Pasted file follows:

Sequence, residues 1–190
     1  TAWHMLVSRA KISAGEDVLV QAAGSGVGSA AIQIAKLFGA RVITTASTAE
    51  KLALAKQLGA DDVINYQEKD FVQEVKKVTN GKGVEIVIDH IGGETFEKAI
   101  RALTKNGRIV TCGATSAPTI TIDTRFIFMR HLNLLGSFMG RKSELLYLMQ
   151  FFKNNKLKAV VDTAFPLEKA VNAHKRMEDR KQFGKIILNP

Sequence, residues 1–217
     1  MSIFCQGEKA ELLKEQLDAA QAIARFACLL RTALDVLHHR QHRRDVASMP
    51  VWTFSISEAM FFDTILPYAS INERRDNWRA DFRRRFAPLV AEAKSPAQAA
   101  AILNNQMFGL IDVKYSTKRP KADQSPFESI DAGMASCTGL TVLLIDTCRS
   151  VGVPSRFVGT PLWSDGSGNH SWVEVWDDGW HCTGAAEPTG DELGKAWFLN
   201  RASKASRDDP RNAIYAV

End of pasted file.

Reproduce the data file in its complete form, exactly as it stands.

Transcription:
Sequence, residues 1–190
     1  TAWHMLVSRA KISAGEDVLV QAAGSGVGSA AIQIAKLFGA RVITTASTAE
    51  KLALAKQLGA DDVINYQEKD FVQEVKKVTN GKGVEIVIDH IGGETFEKAI
   101  RALTKNGRIV TCGATSAPTI TIDTRFIFMR HLNLLGSFMG RKSELLYLMQ
   151  FFKNNKLKAV VDTAFPLEKA VNAHKRMEDR KQFGKIILNP

Sequence, residues 1–217
     1  MSIFCQGEKA ELLKEQLDAA QAIARFACLL RTALDVLHHR QHRRDVASMP
    51  VWTFSISEAM FFDTILPYAS INERRDNWRA DFRRRFAPLV AEAKSPAQAA
   101  AILNNQMFGL IDVKYSTKRP KADQSPFESI DAGMASCTGL TVLLIDTCRS
   151  VGVPSRFVGT PLWSDGSGNH SWVEVWDDGW HCTGAAEPTG DELGKAWFLN
   201  RASKASRDDP RNAIYAV